There’s a lot of talk about Cloud Computing lately. There’s been a lot for the past couple of years, but with Apple’s announcement of the iCloud, everyone’s doing the talking.

iCloud Media Cloud

This is also something Google has gotten into, with their Google Music and to an extent Google Docs. So this isn’t just a slam against Apple, they’ve just gotten all of the press lately.

Like most good ideas, iCloud is a simple one: Since there are so many devices you may have – an iPod, an iPhone, an iPad, and/or an Apple computer, iCloud would be the place where all of your files and contacts live, so all of your devices can be synced up easily. Rather than living on your base computer’s hard drive, and updating everything one by one, the Cloud will simply do it for you. What’s more, your files would be accessed wirelessly and not have to live on an old fashioned, poopy hard drive.

So where do I begin with my complaints on this? All of them stem from two things that drive me crazy with modern technology: The over-large corporation that tells its users this is a good idea, and the mass of users who go along with the hype.

First off, storing all of my files on an Apple server means I no longer have my own files. There is a flimsy contract between the provider and myself that my files will be secure and always waiting for me. What happens when they aren’t though? If I am a salesman, and I lose all my contacts through a snafu with their cloud, how will I be compensated for all the lost sales that would result?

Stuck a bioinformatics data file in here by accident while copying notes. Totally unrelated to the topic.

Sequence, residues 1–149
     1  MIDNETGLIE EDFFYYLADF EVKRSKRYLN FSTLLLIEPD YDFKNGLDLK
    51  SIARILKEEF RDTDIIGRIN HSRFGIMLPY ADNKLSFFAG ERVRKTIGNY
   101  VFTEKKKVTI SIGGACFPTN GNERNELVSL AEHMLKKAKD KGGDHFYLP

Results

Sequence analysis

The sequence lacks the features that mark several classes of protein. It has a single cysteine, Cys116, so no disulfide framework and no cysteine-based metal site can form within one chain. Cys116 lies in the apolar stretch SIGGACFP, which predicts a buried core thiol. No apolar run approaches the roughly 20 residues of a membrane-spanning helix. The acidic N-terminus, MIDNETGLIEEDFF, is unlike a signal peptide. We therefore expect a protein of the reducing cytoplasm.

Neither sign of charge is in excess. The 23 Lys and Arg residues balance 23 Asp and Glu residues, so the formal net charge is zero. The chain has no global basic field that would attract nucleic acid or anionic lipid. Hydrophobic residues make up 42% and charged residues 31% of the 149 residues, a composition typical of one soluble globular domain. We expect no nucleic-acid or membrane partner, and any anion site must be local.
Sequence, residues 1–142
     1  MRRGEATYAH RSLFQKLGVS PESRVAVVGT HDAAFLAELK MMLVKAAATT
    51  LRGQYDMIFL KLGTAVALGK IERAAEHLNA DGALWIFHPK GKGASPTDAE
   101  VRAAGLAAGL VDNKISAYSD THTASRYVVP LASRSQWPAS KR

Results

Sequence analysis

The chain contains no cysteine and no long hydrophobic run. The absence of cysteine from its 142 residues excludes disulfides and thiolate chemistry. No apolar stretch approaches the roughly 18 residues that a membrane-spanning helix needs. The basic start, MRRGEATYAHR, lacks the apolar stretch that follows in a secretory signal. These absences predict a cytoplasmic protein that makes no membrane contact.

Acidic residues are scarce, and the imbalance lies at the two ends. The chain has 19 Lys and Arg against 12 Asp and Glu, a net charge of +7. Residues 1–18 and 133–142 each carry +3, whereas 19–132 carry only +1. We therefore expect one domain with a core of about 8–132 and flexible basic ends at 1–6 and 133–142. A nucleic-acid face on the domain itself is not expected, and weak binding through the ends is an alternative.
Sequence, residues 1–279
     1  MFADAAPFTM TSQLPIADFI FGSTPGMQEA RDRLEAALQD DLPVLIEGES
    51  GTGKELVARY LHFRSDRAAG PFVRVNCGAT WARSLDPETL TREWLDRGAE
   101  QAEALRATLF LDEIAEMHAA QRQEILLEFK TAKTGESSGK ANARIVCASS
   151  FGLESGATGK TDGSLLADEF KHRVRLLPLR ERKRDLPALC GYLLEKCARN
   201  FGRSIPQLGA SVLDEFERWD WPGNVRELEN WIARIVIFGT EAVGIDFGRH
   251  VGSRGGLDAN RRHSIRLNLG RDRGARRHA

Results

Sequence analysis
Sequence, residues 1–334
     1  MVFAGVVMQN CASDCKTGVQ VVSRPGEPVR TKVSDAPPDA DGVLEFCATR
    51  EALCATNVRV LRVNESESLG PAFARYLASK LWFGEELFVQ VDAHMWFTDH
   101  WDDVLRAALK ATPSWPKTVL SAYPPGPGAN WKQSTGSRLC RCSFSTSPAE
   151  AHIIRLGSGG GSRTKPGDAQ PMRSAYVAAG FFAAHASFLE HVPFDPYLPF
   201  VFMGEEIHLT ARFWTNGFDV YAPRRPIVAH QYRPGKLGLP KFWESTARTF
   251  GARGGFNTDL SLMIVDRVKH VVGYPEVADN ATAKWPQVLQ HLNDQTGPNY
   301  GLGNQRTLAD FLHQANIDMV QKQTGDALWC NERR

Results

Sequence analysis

Then there’s the purely selfish reason: I have a LOT of illegally burned content. Not necessarily stolen, but I do burn my own copies of CDs and DVDs – if you’ve been online for at least a few years, you do too. What’s to say the owner of the cloud service doesn’t bow down to the RIAA or Paramount or Universal, and let them look over my collection to see if there’s anything lawsuit-worthy?

Finally, assuming there aren’t any technical or draconian legal issues, there’s still the problem of bandwidth. Loading all of your music onto the iCloud and syncing it with your iPad on the go is great – until everyone else does it too. I actually like the idea of cloud computing to store some files. But what happens when everyone’s device relies on a mobile data plan to get its music?

What happens is everything will get slower.

It is possible to get enough servers and towers to make this work. That will be incredibly expensive, of course, and that cost will be passed onto the consumer – namely, you. And me, in fact, whether I use it or not. It wouldn’t surprise me if in a year or two Android or iPhone data plans drive the monthly cost up to $200 per month.